Allan Hawco, Christine Home (photo - rotated - by Guntar Kravis)
Obscurity of meaning
Pscyhological thriller strives for cohesion
by Dave Ross
“City of lovers… city of lights? Is it both?” This quote from Belleville, a Company Theatre production in association with Canadian Stage, summarizes a feeling of confusion and uncertainty that runs throughout this play. Directed by Jason Byrne, with leads Allan Hawco and Christine Horne, this play contains a level of psychological darkness that was quite surprising but at times seems to struggle in its attempt to deliver a message.
Zack (Allan Hawco) and Abby (Christine Horne) are living in Paris, and the program notes would lead us to believe they have all the good things in life, including an affectionate marriage. Zack is a doctor doing important research for Doctors Without Borders, on preventing children from contracting AIDS. Abby is living in a city she always wanted to see. However, it is clear from the get-go that this is not the case. Their perceived happiness actually never exists on stage, and it unravels in calculated ways as the play progresses. Zack’s relationship/bromance with Alioune (Dalmar Abuzeid), their landlord, is completely false. Abby is decidedly not happy, and her character seems incomplete and unfulfilled. There is a panic in her character that never seems to be reconciled, and it is deeply troubling. There is a lie that is central to this tale, and indeed Abby is the only character who is blind to it. Even Amina (Marsha Regis), Alioune’s wife, knows there is a secret.
Amy Herzog’s script is a bit of an enigma. There are spots where intense realism reigns, and the minutiae of the day-to-day in a relationship is portrayed at the cost of momentum. However, the unravelling of Zack, Abby, and their relationship happens in an excellently calculated manner. Just as Abby is unsure if Paris is the City of Lights or Lovers, the script feels uncertain in where it is trying to go, or how it is going to get there. There are clear attempts at linked metaphor through the play, but they seem to have little substance beyond their mere presence. But this is cancelled out by the incredible psychological darkness that Herzog has woven into the script. While the script is difficult to access and feels incomplete in places, upon reflection and discussion with others, I’ve needed to remind myself that perhaps shorter plays, such as this one (90 minutes with no intermission), should be treated as a short story. Fiction writer Rebecca Rosenblum speaks of her love of writing short stories, for the opportunity “for a character or characters to walk across the spotlight—to have a brief, intense moment of illumination, and allow the reader to imagine what came before and what will come after.” A script can’t have all the answers – there must be chances for the audience to imagine what has come before, after, and indeed with this piece, within the story. While Herzog’s script seems difficult to access when a high-analytical lens is applied to it, it becomes brilliant in the provision of these spaces within the story for the audience to imagine or create what has happened.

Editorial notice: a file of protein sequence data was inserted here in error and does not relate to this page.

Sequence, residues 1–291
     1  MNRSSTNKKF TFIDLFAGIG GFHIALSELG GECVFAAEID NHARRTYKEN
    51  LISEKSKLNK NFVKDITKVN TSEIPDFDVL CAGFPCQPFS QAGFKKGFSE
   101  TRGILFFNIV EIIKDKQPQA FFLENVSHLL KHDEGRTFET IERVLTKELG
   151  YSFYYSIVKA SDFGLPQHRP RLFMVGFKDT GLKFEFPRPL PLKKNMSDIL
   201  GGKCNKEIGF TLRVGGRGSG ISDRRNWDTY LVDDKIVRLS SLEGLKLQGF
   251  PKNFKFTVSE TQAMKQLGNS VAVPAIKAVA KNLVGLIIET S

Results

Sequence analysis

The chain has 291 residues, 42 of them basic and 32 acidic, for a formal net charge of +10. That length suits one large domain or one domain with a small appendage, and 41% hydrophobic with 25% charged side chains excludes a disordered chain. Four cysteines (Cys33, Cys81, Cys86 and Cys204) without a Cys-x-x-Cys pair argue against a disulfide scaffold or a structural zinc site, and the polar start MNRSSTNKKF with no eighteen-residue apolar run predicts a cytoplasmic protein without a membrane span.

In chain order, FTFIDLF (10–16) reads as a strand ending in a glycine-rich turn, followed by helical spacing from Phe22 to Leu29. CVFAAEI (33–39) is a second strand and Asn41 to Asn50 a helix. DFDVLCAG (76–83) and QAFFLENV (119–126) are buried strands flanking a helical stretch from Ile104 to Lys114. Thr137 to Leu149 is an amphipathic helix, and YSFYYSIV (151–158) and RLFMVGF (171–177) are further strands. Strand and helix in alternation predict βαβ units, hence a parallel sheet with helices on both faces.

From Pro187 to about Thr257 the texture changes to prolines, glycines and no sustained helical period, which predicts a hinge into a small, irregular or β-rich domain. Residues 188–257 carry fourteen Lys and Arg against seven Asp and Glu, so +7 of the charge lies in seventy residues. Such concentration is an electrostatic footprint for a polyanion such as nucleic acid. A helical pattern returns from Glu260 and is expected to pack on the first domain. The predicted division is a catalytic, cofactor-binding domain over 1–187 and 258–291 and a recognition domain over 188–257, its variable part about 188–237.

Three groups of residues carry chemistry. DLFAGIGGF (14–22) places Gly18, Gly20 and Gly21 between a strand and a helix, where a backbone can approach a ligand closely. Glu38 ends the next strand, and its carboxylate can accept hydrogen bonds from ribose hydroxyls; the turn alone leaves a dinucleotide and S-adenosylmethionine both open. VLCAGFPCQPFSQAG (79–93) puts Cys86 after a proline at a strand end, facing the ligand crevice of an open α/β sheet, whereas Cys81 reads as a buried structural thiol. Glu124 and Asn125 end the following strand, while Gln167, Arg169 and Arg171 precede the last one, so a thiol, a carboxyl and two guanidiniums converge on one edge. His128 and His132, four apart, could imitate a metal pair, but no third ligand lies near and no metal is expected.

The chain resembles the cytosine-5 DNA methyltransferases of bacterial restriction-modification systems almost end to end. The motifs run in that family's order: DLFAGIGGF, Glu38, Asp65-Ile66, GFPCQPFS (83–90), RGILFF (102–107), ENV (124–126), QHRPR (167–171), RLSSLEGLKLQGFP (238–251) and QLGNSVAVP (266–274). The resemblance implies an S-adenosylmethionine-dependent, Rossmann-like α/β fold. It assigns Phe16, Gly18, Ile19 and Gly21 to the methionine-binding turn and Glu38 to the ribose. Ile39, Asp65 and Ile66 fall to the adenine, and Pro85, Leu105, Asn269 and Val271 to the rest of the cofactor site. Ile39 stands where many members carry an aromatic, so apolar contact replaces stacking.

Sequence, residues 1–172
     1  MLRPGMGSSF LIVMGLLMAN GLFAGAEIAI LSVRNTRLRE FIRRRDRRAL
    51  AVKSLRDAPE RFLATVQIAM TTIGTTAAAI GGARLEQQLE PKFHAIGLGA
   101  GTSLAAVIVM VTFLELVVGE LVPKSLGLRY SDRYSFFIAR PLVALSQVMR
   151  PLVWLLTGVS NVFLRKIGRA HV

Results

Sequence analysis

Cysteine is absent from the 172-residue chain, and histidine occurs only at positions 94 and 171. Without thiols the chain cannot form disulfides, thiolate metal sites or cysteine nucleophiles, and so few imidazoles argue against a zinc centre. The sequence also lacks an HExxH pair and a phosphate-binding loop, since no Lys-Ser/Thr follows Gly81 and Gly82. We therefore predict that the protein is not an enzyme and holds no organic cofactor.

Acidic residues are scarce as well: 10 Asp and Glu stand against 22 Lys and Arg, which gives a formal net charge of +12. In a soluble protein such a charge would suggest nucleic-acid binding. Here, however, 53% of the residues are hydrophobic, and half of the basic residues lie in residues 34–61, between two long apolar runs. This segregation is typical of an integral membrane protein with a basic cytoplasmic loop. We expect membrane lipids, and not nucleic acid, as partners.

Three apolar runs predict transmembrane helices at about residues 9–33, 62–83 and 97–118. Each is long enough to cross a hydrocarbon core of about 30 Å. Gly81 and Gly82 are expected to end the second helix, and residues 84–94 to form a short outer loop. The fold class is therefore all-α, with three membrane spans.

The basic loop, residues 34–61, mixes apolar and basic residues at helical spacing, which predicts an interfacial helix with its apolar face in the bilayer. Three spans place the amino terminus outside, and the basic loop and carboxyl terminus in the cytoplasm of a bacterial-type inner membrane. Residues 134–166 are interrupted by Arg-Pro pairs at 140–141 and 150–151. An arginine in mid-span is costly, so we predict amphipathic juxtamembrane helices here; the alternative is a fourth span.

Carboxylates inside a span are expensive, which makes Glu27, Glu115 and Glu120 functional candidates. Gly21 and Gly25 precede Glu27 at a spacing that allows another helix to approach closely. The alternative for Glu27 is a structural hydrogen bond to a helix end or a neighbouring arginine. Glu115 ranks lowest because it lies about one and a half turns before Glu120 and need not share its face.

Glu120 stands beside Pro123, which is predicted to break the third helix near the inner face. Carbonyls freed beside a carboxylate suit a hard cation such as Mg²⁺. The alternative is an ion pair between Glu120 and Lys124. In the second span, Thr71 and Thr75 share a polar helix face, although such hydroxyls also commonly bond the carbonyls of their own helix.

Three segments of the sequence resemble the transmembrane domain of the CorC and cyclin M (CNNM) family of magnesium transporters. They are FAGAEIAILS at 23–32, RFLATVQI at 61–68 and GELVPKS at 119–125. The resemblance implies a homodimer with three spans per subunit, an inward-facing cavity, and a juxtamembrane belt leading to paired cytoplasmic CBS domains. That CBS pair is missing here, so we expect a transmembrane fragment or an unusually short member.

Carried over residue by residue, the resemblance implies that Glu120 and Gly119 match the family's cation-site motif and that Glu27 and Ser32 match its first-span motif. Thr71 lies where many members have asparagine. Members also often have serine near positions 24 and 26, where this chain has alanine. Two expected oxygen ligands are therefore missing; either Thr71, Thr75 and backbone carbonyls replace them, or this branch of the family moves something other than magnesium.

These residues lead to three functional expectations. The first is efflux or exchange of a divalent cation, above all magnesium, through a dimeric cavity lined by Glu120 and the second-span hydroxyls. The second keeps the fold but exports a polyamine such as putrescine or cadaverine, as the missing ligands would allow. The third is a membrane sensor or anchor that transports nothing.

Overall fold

Performances in this play are, as one would expect, very strong. Hawco, of Republic of Doyle fame, demonstrates a depth of character in Zack that is so good as to be disturbing. Horne’s Abby is a difficult character to access – I initially found her performance incomplete and empty – a perception that shifted towards the end of the production, for reasons that will be clear to anyone who sees this play. Abuzeid and Regis have small characters in Alioune and Amina, and are not afforded the same character development as the leads, but this does not affect their portrayals. They are 'outsiders' in this play, and this is clearly portrayed. Regis, in particular, deserves recognition for the nuanced anger her character must portray. The design of the production is simple – the monochromatic sets and costumes by Yannik Larivee serve as a counterpoint to the idea of the City of Lights (this is another concept, similar to the metaphors in the script, that doesn’t seem to 'go' anywhere). Lighting by Kevin Lamotte portrays the passage of time in creative ways, while the soundscape by Richard Feren perfectly recreates the hum of a Paris street.
As a warning, this play is intensely, intensely dark. There are not many productions I feel a need to cleanse my thoughts after seeing, but this was one of them. This play is one that requires careful consideration before forming an opinion. The lens with which you view it will determine how you think of it. I was initially underwhelmed by the story and script, but have recognized the detailed artistry that went into Herzog’s script after some consideration. I’m still not in love with this play, and am muddled by the psychological darkness and the excruciating final scenes.
Belleville… a beautiful city? Not in this script. A psychological thriller? I’m uncertain – but maybe you won’t be.